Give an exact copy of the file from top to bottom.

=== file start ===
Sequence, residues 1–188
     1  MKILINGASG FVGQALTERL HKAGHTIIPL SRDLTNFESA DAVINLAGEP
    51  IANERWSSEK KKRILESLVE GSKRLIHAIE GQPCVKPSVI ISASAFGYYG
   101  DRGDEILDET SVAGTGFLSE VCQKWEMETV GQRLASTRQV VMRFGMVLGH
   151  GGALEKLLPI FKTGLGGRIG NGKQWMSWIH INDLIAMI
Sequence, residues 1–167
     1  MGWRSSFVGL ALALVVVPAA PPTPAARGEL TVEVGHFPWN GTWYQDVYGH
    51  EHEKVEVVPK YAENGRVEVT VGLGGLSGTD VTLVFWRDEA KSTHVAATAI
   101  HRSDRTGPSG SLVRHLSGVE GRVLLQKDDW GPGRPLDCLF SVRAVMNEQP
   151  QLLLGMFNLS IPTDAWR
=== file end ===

Sequence, residues 1–188
     1  MKILINGASG FVGQALTERL HKAGHTIIPL SRDLTNFESA DAVINLAGEP
    51  IANERWSSEK KKRILESLVE GSKRLIHAIE GQPCVKPSVI ISASAFGYYG
   101  DRGDEILDET SVAGTGFLSE VCQKWEMETV GQRLASTRQV VMRFGMVLGH
   151  GGALEKLLPI FKTGLGGRIG NGKQWMSWIH INDLIAMI
Sequence, residues 1–167
     1  MGWRSSFVGL ALALVVVPAA PPTPAARGEL TVEVGHFPWN GTWYQDVYGH
    51  EHEKVEVVPK YAENGRVEVT VGLGGLSGTD VTLVFWRDEA KSTHVAATAI
   101  HRSDRTGPSG SLVRHLSGVE GRVLLQKDDW GPGRPLDCLF SVRAVMNEQP
   151  QLLLGMFNLS IPTDAWR